We were watching the broadcast of Ben Hur that evening when the telephone rang, delivering the stunning, tragic news.

At that time, and in the decades since, I tried to understand the “why” of this loss. There was no reason, no purpose, no greater cause served by Chris’ death. It simply happened. In the midst of life we are in death. On the threshold of the Easter celebration of Life and Rebirth a life was lost. I long ago concluded that the “why” of this loss will remain unknown to me in this life. There is no compensation possible, there is no “getting over it,” there is only getting used to it. And it would serve no purpose to be angry or resentful for the loss. It is not unjust; it is not just. It just is.

But I write this not to bring down peoples’ spirits after a wonderful holiday, rather I write this to remember a fine person who has been gone far longer than he lived. I recall him very often, and he well deserves to be remembered.

So as we celebrate Life and Rebirth, as we rejoice in Spring and think of delightful things, we also remember too those who are not here with us. Easter embraces both reflections.

John Christopher Rawson 1952-1974

Chris Rawson. Taken 11 April 1974.

W. C. Rawson, Sr. 1925-2007

On this day in 1925 was born a man who has been for all my life one of my greatest heroes – probably the foremost – and an inspiration, and a role model, though I cannot claim to even begin to come close to embodying the high standards that he set by his example. He was a true hero in many, many ways, most of which are unrecorded and unheralded by the world at large, but which are nevertheless heroic.

As copilot of four-engine bombers for the 493rd Bomb Group of the 8th Air Force, he flew 30 missions against Nazi Germany as lead plane in his squadron. He flew both B-17s and B-24s, making him unusually qualified to comment of the relative merits of each. For his service he was decorated with multiple Air Medals and twice received The Distinguished Flying Cross.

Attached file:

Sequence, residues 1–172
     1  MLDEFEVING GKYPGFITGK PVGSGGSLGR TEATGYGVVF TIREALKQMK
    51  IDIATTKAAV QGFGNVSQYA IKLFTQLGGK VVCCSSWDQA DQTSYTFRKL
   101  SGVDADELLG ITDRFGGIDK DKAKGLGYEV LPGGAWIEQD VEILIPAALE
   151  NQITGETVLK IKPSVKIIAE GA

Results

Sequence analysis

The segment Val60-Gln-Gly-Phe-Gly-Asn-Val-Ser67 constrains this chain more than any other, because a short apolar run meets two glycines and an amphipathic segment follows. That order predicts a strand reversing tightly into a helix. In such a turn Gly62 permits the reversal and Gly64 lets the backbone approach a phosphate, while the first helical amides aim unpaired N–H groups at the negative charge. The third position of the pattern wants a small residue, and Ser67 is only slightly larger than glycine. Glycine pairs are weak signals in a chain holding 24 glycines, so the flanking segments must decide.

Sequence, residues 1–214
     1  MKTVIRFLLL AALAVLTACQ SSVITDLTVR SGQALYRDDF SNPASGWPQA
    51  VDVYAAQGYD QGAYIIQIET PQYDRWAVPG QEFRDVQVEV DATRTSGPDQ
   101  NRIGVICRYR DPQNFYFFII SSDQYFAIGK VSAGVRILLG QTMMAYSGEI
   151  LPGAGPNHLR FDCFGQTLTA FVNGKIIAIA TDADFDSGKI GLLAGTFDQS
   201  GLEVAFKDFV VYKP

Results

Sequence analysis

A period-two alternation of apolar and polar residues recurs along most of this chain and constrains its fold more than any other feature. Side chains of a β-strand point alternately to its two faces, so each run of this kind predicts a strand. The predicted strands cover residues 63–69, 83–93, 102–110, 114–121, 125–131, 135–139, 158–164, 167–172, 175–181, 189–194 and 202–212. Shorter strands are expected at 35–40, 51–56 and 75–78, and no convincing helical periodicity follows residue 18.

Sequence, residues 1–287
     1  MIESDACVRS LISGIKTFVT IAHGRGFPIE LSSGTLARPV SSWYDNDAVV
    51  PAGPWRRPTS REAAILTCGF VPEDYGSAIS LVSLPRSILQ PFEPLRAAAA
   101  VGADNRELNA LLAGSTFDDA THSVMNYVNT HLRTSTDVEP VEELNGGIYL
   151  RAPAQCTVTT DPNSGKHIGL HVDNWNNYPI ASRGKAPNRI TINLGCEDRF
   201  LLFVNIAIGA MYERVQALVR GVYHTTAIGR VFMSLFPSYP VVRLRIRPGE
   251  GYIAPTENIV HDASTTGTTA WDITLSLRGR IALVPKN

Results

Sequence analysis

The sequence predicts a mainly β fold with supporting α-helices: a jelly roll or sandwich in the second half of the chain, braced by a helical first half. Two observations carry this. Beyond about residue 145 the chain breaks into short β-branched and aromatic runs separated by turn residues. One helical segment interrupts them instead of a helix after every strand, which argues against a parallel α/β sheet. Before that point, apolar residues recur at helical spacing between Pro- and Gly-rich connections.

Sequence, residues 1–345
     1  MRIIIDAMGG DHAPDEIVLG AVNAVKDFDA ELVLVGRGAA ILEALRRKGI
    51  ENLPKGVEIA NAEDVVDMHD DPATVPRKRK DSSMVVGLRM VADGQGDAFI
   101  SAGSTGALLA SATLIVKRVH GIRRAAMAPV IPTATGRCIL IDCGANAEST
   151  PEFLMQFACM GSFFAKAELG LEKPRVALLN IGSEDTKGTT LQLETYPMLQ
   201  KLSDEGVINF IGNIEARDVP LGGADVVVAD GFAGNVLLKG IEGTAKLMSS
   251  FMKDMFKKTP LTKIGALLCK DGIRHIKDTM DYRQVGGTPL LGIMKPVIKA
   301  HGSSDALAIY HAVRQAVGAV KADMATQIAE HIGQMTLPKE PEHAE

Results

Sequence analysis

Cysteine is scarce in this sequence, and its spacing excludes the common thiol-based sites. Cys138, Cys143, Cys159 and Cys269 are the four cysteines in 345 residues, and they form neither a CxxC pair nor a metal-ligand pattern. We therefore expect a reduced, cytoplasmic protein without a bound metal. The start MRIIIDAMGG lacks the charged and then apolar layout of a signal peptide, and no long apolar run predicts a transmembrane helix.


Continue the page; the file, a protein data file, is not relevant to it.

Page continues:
After the war, he married, and took to studying law at Georgetown. But when the United States Air Force was formed as a distinct branch of the military, he rejoined and served until 1969, however it was not until 1999 – thirty years after he retired – that he received his final Citation from the Secretary of Defense, enough material having been declassified to permit the issuance of the Citation.

So, as I say, he was a hero officially.

But he was even more a hero in ways that are less formally recognized. He and his wife of fifty-five years raised six kids and put each one through college. And the two of them never forgot their primary role as parents: to be teachers. He took his role as a teacher to be one of his most important duties. Whether around a meal table, working on an engine, or hiking in the mountains, he continually taught. And not merely facts and figures, but values and morals and beliefs. And he continued this important role unto the next generation, teaching his grand children.

And he was a hero at the very end of his life, eduring with as much patience and good grace as possible the affliction of amyotrophic lateral sclerosis, ALS or “Lou Gherig’s Disease.” As Dylan Thomas advised his own father, he would not “… go gentle into that good night,” but neither did he rage. If I were to find myself in the same circumstance and face it so well, I’d be proud indeed.

My father as a young US Army Air Corps officer in 1945.

So, today, upon the occasion of what would have been his 87st Birthday, I send out this in tribute to one of the finest human beings I shall ever have the pleasure and benefit of knowing; though I know and have known many outstanding and astounding people, he stands out from them all: my father, William Charles Rawson, Senior. As fine a man as I have ever known: a wonderful father, an irreplaceable teacher, a courageous and heroic gentleman. It is true, he was not flawless, for no one is, but his virtues were many. And I can say with all sincerity: If I am ever accounted half the man he is, I shall adjudge myself a success in this world.

Jamie Rawson
Flower Mound, Texas

His life was gentle, and the elements
So mix’d in him that Nature might stand up
And say to all the world ‘This was a man!’

Julius Caesar, V:v